Is blogging dead? Is organic social media dead? What about email, is it dead? Are millennials killing everything? Remember when the internet was clogged with these sorts of articles?
Back in 2013, there was a flurry of posts declaring that calling things dead, was dead. Many such articles were titled, “Declaring Things Dead Is Dead.” They were calling for the end of articles that declared things dead.
But as these posts were written, we also saw the peak of various ideas and industries were “being killed” by millennials. Leading up to and during that period, there were massive shifts in the economy, technology, and politics. Changes that caused social and political paradigms to shatter and change.
Big ideas, tactics, and concepts, don’t often end in a distinct way, unlike cups of coffee or the lives of mortals. That’s something the pandemic taught us: while we may suffer as things change massively, most things don’t truly end.
Restaurants didn’t cease to exist when they were barred from indoor dining. They struggled, but the industry evolved as best it could. That’s led to a massive step up in delivery and pick-up options. Grocery stores and non-essential retailers flexed and changed.
Technologies fade out of relevance as other technologies and world/industry events pull us forward. And it is tempting, as things change, causing the “way things were done” to decline, to call it an end.
In March 2020, it seemed like the world was ending. In practically March 2021, a lot of things changed, but very little truly ended. Disruption happens. How are we going to adapt?
Alright, alright but what does this have to do with marketing or business?
Just about everything. For humans, endings are both terrifying and easy. It’s easier to declare a relationship, a business, or a channel dead than to acknowledge its gradual fade from usefulness. When do we choose to run it into the ground or decide when to call it quits?
Closure feels good, but we don’t often get closure in the marketing and business world. Instead, we watch in horror as our products and services atrophy or the solution to our businesses’ big problems become less and less effective.
How can we cultivate truly agile marketing and businesses? Learn to acknowledge, then adapt to change.
Look at It Directly
Let yourself look at what’s changing. The worst way to handle change is to pretend that it isn’t happening, which is what a lot of us do. It’s not authentic, it makes us stressed, and the problem isn’t solved, it just festers.
It’s like ignoring how dirty your kitchen is by not turning the light on or driving with the music loud to cover up the grating noise your car is making. Turn the light on and turn down the music.
Are your posts losing engagement? Look into the data and see if you can figure out what changed. Did an algorithm change?
Awareness of both the changes and any repeating patterns is the first step.
Ask If This Change is Something You Can Control
A lot of changes, like the pandemic, were not things we were prepared for, or able to control.
Whenever I am stressed about something, I try to ask myself, “Is this change something I can control?” It’s an easy yes or no question that brings me some clarity. It gives me a choice when I ask what I can change vs. what I can’t.
If I can’t control it, that’s a relief in some ways. If I can control it, that’s also a relief.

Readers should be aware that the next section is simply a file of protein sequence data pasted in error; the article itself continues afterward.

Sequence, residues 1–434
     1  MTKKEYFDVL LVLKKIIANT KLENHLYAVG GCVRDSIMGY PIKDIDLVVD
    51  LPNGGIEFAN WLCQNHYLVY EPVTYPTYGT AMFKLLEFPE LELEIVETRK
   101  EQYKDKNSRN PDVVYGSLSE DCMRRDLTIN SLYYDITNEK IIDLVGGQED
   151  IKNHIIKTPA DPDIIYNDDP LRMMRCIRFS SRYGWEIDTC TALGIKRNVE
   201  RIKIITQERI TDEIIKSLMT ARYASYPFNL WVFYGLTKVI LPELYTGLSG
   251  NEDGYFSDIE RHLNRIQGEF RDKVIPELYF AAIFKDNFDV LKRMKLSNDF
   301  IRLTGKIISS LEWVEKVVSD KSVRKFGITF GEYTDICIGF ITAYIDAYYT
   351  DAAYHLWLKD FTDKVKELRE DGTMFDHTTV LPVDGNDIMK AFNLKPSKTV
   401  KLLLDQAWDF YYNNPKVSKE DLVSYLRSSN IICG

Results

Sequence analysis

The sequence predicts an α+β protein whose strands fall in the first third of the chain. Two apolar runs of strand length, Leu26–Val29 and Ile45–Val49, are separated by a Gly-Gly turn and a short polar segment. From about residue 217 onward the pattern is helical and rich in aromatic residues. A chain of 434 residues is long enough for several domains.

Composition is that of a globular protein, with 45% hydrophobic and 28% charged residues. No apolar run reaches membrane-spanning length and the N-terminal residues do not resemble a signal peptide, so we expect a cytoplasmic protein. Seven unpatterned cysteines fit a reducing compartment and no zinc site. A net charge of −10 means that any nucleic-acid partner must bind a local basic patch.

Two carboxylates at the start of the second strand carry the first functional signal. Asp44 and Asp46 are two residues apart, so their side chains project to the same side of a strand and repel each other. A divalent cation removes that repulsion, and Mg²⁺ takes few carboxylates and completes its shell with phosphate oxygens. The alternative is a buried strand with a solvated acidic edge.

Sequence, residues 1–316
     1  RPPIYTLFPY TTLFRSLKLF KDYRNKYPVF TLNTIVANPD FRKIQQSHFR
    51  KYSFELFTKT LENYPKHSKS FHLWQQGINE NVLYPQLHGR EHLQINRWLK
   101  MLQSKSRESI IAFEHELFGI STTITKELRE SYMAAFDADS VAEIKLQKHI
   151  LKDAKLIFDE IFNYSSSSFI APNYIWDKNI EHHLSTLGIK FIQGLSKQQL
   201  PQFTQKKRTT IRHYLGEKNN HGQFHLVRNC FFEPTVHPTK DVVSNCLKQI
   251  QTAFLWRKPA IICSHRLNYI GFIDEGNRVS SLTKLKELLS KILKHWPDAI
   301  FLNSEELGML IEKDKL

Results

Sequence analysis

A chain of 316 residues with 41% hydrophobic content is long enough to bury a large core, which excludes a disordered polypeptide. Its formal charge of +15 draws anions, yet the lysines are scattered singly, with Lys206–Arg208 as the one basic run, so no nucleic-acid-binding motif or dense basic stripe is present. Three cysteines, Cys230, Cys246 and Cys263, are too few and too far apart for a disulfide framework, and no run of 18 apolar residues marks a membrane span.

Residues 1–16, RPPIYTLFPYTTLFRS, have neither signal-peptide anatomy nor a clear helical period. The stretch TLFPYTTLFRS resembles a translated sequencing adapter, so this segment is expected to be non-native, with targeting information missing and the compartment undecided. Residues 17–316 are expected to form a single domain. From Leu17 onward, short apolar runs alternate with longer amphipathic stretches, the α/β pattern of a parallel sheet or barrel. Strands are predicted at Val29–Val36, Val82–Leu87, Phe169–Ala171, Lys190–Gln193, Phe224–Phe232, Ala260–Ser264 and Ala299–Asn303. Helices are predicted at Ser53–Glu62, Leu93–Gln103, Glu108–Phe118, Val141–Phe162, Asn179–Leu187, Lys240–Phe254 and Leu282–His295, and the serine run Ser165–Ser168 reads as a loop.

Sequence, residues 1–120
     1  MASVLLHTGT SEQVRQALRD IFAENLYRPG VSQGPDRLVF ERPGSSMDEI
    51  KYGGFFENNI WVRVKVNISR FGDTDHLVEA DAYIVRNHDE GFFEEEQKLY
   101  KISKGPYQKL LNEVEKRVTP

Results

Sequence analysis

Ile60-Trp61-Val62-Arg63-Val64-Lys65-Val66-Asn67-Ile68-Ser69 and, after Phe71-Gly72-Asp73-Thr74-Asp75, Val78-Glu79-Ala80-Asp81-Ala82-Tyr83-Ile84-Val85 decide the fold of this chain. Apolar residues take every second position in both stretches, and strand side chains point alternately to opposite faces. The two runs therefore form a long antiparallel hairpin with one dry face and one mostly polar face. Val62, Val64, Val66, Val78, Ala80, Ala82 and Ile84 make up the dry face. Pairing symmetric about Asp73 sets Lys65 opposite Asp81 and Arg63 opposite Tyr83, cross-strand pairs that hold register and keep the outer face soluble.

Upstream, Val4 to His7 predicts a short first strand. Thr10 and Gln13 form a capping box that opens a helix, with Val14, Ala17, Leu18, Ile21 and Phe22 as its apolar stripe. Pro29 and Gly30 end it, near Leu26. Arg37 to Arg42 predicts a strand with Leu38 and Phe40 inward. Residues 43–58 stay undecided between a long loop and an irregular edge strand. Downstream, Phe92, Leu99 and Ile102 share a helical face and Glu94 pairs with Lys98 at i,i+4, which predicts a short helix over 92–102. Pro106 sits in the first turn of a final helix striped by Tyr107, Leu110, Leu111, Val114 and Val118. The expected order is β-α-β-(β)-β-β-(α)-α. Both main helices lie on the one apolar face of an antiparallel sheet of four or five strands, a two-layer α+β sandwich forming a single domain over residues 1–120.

All I have to worry about is controlling my reaction. For example, if a tool I use for my daily processes stops working, I can first find out, is this on my end (requiring an action) or something on their end. Maybe I was using an outdated plugin that the company finally dropped support. That’s good, it means I get the chance to find a tool that works better going forward.
I can decide to act intentionally instead of reactively.
See Obstacles as Opportunities (Not Endings)
The growth mindset frames changes as unavoidable obstacles. That means learning to navigate those obstacles to improve processes and routines.
It’s a great concept to apply to marketing/business and your life overall. Did something change that you can’t control? Appreciate it and figure out what you can start with the newly cleared space.
Appreciate True Endings
Sometimes, it’s as easy as a tool you use daily for social being removed completely. You have a chance to change the way your day looks and see if you can bring in new tools that make your job easier and the quality of your work better.
Or maybe a member of your team leaves. How can you allow the dynamic of the team or the work you produce to change for the better?
We don’t often get a full license to have a defined ending to things, so take advantage of the chances you do get.
What Would Success Do?
I was just listening to this super-actionable, inspiring podcast about making better choices. Because that’s what comes out of either real or perceived changes or endings. We are presented with the ability to make a choice, which is something that many of us aren’t prepared for.
In this podcast, one of the many great tips provided is to ask, “What would success do?”
It’s a great guiding question. It helps you define what success is, then visualize what getting there looks like. It’s a great launching point for goal- and strategy-making.
Change is a part of life, technology, business, and marketing. Our ability to roll with the changes and use them as opportunities will change how our business runs and grows.
In 2021, we’ve learned the seriousness of declaring something dead. Are we done prematurely sending things to their grave? I think so. With every perceived ending comes an opportunity. What would success do?
Let us know what you think?
- Is adaptability something you can build into a marketing strategy?
- How does your company handle changes and endings?
- What was the best thing that came out of a change in your life or job?